Jan 6, 2014; Pasadena, CA, USA; Auburn Tigers running back Tre Mason (21) scores a touchdown against the Florida State Seminoles during the second half of the 2014 BCS National Championship game at the Rose Bowl. Mandatory Credit: Jayne Kamin-Oncea-USA TODAY Sports
Having an injury red flag pop up just two weeks before the draft is never good news for a prospect. But this is just what’s happened to Auburn running back Tre Mason, a player who has been connected to the Vikings a time or two as a mid-round draft target.
If the Vikings ever did have interest in Mason, they may now be forced to re-assess.
According to Ian Rapoport, a medical exam has uncovered a problem with Tre Mason’s wrist that will require surgery. The running back should be ready for preseason, says Rapoport, but he won’t be able to participate in any offseason activities or the first part of training camp.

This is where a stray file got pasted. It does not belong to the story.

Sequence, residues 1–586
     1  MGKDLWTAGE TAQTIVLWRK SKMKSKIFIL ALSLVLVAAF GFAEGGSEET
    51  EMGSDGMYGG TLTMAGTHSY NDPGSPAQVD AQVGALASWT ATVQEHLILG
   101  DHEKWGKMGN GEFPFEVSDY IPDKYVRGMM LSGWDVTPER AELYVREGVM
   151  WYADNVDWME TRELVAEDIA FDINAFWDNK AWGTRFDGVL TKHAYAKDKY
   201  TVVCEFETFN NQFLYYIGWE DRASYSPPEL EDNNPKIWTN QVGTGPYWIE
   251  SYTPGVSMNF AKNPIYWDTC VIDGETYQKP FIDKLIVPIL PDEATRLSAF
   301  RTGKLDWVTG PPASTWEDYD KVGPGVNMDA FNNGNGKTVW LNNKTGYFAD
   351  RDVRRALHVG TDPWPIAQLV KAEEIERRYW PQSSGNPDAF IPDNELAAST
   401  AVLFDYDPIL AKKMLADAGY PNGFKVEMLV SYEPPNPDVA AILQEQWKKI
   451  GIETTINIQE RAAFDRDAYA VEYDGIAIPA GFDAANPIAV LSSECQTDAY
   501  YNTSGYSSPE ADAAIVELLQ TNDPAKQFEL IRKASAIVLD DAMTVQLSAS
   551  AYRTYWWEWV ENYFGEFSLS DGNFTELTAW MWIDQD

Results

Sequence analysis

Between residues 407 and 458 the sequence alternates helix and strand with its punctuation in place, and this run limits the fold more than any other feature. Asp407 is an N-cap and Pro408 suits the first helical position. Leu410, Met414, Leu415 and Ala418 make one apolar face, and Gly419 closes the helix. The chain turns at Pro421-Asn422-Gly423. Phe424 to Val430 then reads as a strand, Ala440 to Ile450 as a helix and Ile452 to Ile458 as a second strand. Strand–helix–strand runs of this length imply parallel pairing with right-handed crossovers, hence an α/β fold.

Here’s the kicker though: Mason himself is denying the report.
In a wonderful example of how social media is changing the whole landscape of sports reporting, Mason took to Twitter moments after Rapoport’s report to refute the whole thing.
Mason went on to accuse the media of painting a “false picture” of his medical situation. But he doesn’t explain why he thinks the media would engage in a smear campaign against him.
Certainly there are people in the media willing to engage in ethically dubious behavior at the behest of teams whom they owe a favor, but when that stuff happens it usually serves a definite purpose.
What exact purpose could be served by spreading false reports about a mid-round running back’s medical situation?
None that I can see. Tre Mason obviously thinks differently. It doesn’t really matter though: either he has a problem with his wrist and teams have been informed, or he doesn’t and they haven’t.
It matters exactly zilch what Tre Mason says about his own situation on Twitter. Teams will make their determination based on independent information obtained via medical people.
Mason is a helpless bystander in this whole process. Why he thinks pleading his case on Twitter would help anything? Hard to say.
If fully healthy, the 5-9, 209 pound Mason projects as a third or fourth round pick who could have value to the Vikings as a third down back with receiving skills.